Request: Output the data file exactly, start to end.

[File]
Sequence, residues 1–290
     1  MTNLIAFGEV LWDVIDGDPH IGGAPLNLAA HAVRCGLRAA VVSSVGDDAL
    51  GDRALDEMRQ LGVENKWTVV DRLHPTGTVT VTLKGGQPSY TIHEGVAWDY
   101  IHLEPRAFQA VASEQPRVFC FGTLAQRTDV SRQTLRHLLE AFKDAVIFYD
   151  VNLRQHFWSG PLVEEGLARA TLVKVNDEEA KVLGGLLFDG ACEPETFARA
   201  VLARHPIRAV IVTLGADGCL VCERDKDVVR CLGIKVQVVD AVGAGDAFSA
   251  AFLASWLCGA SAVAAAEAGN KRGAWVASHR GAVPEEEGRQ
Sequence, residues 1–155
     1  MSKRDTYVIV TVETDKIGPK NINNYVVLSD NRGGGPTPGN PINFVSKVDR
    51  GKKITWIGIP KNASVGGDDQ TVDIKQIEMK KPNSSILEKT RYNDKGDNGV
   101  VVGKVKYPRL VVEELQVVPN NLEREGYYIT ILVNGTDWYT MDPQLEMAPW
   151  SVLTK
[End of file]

Sequence, residues 1–290
     1  MTNLIAFGEV LWDVIDGDPH IGGAPLNLAA HAVRCGLRAA VVSSVGDDAL
    51  GDRALDEMRQ LGVENKWTVV DRLHPTGTVT VTLKGGQPSY TIHEGVAWDY
   101  IHLEPRAFQA VASEQPRVFC FGTLAQRTDV SRQTLRHLLE AFKDAVIFYD
   151  VNLRQHFWSG PLVEEGLARA TLVKVNDEEA KVLGGLLFDG ACEPETFARA
   201  VLARHPIRAV IVTLGADGCL VCERDKDVVR CLGIKVQVVD AVGAGDAFSA
   251  AFLASWLCGA SAVAAAEAGN KRGAWVASHR GAVPEEEGRQ
Sequence, residues 1–155
     1  MSKRDTYVIV TVETDKIGPK NINNYVVLSD NRGGGPTPGN PINFVSKVDR
    51  GKKITWIGIP KNASVGGDDQ TVDIKQIEMK KPNSSILEKT RYNDKGDNGV
   101  VVGKVKYPRL VVEELQVVPN NLEREGYYIT ILVNGTDWYT MDPQLEMAPW
   151  SVLTK